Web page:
In our last post, we commented on the excellent article by Dr. Yong Zhao regarding his childhood instruction on how to handle water buffalo, and how it didn’t exactly prepare him for the world of work or indeed his future life.
Furthermore, he wasn’t very good at handling water buffalo, possibly because he didn’t enjoy it. He made the point that a prescribed curriculum is so often counter-productive, useless and the product of elitist prescription by arrogant policy makers.
How many children and young people are we somehow excluding or failing to turn into enthusiastic learners, we wonder?
There’s another issue here. We often hear that many of the jobs that our five year olds will do when they reach adulthood haven’t yet been invented. We don’t know what careers our children are going to take. So what should we be teaching our children if we don’t know what knowledge they will need?
Perhaps we ought to concentrate on what we do know they will need, irrespective of the jobs that they end up doing. They need to be numerate and literate. They need to have good communication skills. They need to be able to deal with the problems that life thrusts upon us like loss, separation, handling our emotions. They need to be creative, innovative, thoughtful in relationships and work. These are skills for living as well as skills for working.
As the Dalai Lama said in a message that went viral at the end of last year, “If every 8 year old in the world is taught meditation, we will eliminate violence from the world within one generation”. Perhaps we ought to consider this too.
One thing we can be fairly certain of is that whatever work our five year olds do later in life, it will probably involve working on or with a computer in some way, which is why it is so important to use IT now. Yet, we shouldn’t be complacent about this. We don’t want our children to be mere recipients of programs for computing technology. We want them to be innovators too. What are we doing in this country to support children to make programs as well as use them?
We’d like to draw your attention to two articles found on the internet this week through Twitter (an integral part of our lifelong learning now), with thanks to Daniel Edwards (@syded06) and Bob Harrison (@bobharrisonset) for bringing them to our attention.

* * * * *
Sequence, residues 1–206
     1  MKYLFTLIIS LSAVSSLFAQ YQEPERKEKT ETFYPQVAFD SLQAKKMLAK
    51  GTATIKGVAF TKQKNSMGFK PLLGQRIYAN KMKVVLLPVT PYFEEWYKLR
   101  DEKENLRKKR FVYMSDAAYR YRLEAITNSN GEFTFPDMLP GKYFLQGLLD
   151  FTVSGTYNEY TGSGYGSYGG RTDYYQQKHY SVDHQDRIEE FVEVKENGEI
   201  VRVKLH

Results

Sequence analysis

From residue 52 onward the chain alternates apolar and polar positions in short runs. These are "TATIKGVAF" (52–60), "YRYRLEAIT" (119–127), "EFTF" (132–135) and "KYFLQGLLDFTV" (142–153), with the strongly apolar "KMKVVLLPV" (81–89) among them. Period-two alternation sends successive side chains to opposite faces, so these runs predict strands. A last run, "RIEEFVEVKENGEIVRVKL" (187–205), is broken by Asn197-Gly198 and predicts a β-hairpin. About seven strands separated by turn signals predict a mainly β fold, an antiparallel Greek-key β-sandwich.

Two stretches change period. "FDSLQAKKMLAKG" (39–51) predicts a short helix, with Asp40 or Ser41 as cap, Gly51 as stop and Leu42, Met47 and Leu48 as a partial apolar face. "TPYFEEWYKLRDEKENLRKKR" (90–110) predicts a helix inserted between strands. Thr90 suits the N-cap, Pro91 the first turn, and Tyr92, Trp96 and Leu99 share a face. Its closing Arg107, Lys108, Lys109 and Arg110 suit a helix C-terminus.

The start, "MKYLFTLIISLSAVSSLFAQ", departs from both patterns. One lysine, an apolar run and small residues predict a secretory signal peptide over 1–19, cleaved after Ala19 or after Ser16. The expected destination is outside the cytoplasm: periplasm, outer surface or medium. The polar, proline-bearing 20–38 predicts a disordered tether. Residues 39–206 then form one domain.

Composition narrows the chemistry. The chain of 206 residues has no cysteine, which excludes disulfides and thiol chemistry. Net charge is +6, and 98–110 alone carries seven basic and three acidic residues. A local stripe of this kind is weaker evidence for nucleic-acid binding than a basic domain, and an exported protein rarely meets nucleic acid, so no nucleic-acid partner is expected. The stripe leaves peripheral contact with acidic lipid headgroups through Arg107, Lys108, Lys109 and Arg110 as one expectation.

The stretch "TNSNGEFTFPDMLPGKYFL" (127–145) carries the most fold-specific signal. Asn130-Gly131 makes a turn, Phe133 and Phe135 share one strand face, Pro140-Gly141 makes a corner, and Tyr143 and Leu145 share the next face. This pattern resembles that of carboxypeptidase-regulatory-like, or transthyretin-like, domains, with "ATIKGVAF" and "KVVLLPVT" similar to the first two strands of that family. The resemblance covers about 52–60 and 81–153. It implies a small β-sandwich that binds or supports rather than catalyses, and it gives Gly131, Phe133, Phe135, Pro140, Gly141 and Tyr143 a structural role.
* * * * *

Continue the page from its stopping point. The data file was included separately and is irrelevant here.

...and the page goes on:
In the first one, Brian Braiker reports on a teacher using technology in the classroom. It’s a fascinating little story but one that we should take note of. A six year old girl approaches her teacher to tell him that there’s a spider in the sink. Recognising her fascination, he gathers the children round the sink and they look at the spider.
“Why don’t we check out the spider under the microscope?” he replies, perking up the rest of the students, who are enjoying free play at various stations around the room.
Ava carries the removable tub from the sink to the “teacher table,” where Pedro, 5, launches the Zoomy digital microscope, a small, egg-shaped device that connects via USB cable to the classroom laptop.
After a few minutes of observing the spider’s image magnified onto the classroom billboard, most of the students drift back to the areas where they had been playing prior to the sighting. Pedro moves to the puppet area and uses Crowell’s iPhone to film three classmates performing a show. Another student, Lindsey, remarks that the spider looks like the tap-dancing arachnid in Toca Band, the musical app the students play with on one of the classroom’s three iPads.”
This teacher has clearly embraced the power of technology into his practice. It’s evident everywhere, and the children use it all as a matter of course.
This article provides some factual information about computer use for pre-school children in the United States. Here are some of those facts.
- 9 out of 10 US parents report that their under 2 year olds use some form of electronic media
- Currently there are more than 500,000 apps for pre 2 year olds in the iTunes catalogue; a number that is matched for Android devices
- 72% of Apple’s top-selling education apps are directed at pre-school users
- In the US more than half of eight year olds have access to a mobile device at home, 41% having access to a smartphone
Whilst these statistics are about the US, Britain is probably not far behind. The majority of our children are used to computers, tablets, smartphones and laptops before they start their schooling. Three immediate issues spring to mind here.
- What are we doing to ensure that their learning in school is as engaging as their learning at home, in relation to the use of IT?
- What are we doing about the children who are in the minority – the ones who haven’t had these multi-media experiences?
- How do we ensure balance between use of media and the development of other skills that we wish to impart to these children – like playing with sand and water and creating stories for themselves as they push trains and boats through the play area, as well as reading books and writing?